Tarrant County, TXGenWeb

The Show Boat 'Alvez'
(Published Feb. 13, 2003, NW Times-Record)

Contributed by Kenneth Klein
Staff Writer, NW Times-Record


To compliment Municipal Beach, the forerunner of Casino Park, the show boat 'Alvez' cruised the waters of Lake Worth. The boat was built on the lake and named the Alvez by it's Skipper, B.R. Dallehite, to honor the Galvez, a boat formerly captained by him in Galveston Bay.

The Alvez was launched on April 18, 1925 and had it's maiden voyage on May 21st of the same year. For four nights a week, it was available to the public. On other nights, it catered strictly for private parties.

For 75 cents, a person could take a 14 mile cruise from nine mile bridge to the spillway on two round trips. She measured 130 feet long, 32 feet wide and displaced 5 feet of water, and could take up to 600 passengers at a time. She could make 8 knots with full steam ahead. Her twin engines were built in New York. A crew of four, consisting of a captain, engineer and 2 deck hands manned her.

The double decked boat was large enough to house a restaurant, bar, orchestra and two dance floors. The top deck spelled r-o-m-a-n-c-e as couples danced under the stars. But just in case of weather, a smaller dance floor on the lower deck kept the serious fox trotters dry.

Many people met their soulmates aboard this boat. Reed Collier met Ferrol Howell during a private party that was given by the Fort Worth Exchange Bank in the 1920's. The single young men were instructed to seek for their dates one of the single lady employees They married a year later, and remained married for a lifetime.

Entertainment was provided by various local orchestras, and dancing by an all-girl group called the Texas Bluebonnets. It consisted of Muriel Hemmle playing tenor banjo; Ida Malone on the saxophone; Ida Mae Williams as the drummer and Mary Mills on the piano.

The bar served 'Bevo', an awful tasting nonalcoholic beer of the Prohibition days. Reed Collier recalled: "Nothing so gruesome ever was poured".This "near beer" beer was made by Anheiser Busch, and kept the company solvent during the dry years.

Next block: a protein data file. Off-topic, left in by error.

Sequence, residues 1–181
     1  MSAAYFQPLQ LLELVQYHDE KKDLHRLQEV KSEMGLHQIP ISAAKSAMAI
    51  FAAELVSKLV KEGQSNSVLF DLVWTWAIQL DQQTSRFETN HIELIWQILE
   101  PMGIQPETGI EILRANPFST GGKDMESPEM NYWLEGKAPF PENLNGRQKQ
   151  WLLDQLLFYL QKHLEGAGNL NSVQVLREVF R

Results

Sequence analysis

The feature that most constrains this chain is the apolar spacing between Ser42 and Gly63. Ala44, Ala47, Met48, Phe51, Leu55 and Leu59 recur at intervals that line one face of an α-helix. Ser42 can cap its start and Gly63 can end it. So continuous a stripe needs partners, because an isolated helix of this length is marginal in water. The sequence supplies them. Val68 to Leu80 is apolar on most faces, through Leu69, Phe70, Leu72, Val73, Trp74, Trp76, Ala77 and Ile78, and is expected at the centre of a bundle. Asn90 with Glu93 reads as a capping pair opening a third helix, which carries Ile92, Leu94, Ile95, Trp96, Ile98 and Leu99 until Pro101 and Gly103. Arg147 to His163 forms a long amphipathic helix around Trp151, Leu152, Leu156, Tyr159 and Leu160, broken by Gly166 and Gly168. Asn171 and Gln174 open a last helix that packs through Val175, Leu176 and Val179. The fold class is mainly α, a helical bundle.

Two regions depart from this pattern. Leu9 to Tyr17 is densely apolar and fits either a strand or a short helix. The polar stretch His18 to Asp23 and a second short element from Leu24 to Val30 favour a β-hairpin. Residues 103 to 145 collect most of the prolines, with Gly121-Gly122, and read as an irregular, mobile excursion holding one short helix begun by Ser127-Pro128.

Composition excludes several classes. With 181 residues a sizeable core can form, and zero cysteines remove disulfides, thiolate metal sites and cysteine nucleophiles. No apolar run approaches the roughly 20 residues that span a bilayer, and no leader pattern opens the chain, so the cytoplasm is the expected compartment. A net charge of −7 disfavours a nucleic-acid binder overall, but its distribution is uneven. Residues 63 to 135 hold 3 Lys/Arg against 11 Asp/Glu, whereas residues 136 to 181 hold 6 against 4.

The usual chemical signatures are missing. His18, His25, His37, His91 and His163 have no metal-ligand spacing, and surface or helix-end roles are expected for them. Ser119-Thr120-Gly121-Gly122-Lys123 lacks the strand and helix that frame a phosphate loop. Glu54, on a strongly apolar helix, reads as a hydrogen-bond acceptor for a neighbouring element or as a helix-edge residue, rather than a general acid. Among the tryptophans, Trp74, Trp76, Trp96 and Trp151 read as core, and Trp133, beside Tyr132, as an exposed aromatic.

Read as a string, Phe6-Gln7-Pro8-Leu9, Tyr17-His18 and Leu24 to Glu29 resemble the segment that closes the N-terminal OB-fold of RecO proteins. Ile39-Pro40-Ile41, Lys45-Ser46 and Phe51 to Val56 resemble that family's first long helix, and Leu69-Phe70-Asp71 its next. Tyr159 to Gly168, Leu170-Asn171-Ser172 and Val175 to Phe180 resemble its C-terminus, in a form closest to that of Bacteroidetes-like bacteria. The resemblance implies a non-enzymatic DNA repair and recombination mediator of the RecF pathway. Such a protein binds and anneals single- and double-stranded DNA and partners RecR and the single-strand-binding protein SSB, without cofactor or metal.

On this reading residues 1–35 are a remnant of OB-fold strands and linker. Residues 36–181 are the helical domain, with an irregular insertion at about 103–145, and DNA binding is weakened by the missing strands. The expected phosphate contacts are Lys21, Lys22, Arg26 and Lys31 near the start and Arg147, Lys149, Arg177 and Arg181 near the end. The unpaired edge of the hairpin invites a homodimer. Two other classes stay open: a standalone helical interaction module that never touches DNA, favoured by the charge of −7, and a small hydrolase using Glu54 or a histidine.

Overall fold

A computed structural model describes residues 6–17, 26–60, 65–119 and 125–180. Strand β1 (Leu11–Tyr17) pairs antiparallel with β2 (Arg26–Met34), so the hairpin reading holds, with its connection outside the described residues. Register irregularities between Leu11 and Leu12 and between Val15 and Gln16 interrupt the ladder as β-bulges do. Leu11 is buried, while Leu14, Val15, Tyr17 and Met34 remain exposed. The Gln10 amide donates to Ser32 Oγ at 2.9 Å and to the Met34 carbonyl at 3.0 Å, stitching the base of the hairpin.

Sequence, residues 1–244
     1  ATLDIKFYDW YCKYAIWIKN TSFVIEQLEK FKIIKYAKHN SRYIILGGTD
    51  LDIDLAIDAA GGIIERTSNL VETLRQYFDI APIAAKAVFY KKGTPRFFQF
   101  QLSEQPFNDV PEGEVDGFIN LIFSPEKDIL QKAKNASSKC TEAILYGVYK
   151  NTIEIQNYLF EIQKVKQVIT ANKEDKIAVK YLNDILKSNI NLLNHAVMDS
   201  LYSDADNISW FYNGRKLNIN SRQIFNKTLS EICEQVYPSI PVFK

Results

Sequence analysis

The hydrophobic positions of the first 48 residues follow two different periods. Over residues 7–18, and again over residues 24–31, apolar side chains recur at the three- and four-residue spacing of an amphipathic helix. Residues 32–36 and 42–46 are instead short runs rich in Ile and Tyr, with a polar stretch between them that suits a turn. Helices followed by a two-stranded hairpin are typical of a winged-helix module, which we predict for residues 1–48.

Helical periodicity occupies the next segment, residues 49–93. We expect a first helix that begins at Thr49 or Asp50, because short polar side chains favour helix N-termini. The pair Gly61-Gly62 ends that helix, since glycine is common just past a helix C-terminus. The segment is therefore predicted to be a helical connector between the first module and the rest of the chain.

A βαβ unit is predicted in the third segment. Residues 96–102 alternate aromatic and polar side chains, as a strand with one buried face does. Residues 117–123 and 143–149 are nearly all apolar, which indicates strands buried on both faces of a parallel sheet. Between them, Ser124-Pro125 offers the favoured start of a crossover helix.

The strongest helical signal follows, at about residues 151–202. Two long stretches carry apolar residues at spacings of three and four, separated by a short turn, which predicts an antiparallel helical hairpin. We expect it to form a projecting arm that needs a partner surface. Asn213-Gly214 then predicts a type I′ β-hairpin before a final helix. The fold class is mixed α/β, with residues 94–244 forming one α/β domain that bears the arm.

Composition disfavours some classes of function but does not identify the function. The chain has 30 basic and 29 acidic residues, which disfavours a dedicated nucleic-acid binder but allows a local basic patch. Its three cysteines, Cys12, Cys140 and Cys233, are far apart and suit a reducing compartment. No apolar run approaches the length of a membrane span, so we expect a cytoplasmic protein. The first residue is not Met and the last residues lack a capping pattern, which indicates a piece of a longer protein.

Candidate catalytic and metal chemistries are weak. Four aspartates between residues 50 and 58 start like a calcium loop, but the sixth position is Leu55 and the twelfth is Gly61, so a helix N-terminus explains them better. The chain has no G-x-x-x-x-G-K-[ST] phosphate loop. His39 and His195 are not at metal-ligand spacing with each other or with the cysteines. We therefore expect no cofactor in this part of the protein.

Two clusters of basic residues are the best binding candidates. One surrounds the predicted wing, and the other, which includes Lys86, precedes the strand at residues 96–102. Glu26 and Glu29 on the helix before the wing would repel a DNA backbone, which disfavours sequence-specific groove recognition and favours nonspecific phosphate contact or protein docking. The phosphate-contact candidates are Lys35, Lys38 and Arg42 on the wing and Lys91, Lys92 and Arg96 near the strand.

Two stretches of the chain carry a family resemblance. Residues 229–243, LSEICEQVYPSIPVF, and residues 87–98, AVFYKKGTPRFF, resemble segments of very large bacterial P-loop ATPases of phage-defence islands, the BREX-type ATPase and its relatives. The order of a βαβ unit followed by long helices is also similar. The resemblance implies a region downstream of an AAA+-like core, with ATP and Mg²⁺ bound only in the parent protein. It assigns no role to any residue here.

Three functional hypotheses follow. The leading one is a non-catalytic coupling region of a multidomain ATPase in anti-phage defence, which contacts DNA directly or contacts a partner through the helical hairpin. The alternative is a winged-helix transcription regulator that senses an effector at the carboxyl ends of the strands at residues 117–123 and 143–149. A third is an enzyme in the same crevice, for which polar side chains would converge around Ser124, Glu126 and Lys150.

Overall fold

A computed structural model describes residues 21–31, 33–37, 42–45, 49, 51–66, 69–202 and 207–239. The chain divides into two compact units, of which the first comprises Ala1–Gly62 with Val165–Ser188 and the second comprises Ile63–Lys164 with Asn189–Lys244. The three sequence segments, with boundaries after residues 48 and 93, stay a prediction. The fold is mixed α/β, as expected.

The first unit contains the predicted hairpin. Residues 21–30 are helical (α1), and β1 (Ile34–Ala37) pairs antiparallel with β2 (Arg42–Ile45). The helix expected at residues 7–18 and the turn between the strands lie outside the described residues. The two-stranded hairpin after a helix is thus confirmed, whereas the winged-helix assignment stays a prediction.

Regretfully, The Alvez was destroyed by fire and sank in Lake Worth at 12:30 p.m. on Feb 7, 1928. The boat was returning to dock after pulling stumps from the Lake. Landrum, in charge of the boat, and Pilot Clyde Gladden were burned slightly while jumping in the lake. Landrum said he had left the engine room to join Gladden in the pilot-house, when he looked out and saw smoke coming from the engine room. He said the fire may have been caused by a short circuit, since he had been recharging the batteries.

Jimmy Roach was out fishing on the lake that day and snagged two of the biggest fish he had ever caught - Landrum and Gladden, swimming away from the Alvez. Once aboard the skiff, an explosion rocked the boat, the result of 100 gallons of fuel oil and gasoline aboard the Alvez. The Alvez then disappeared under the water forever - taking along all the memories it had - or ever would have.

The decades may pass, but the more things change, the more they seem to stay the same. Another paddleboat has taken the place of the Alvez, ironically moored just off the shore where the Casino Ballroom once stood. The "Queen Mariah" is similar to the Alvez, being a double-decker paddleboat, capable of carrying 400 passengers.


WPA Project, Tarrant County

Fort Worth Star-Telegram August 11, 1980 (Jack Gordon)


This page was last modified 13 Feb 2003.

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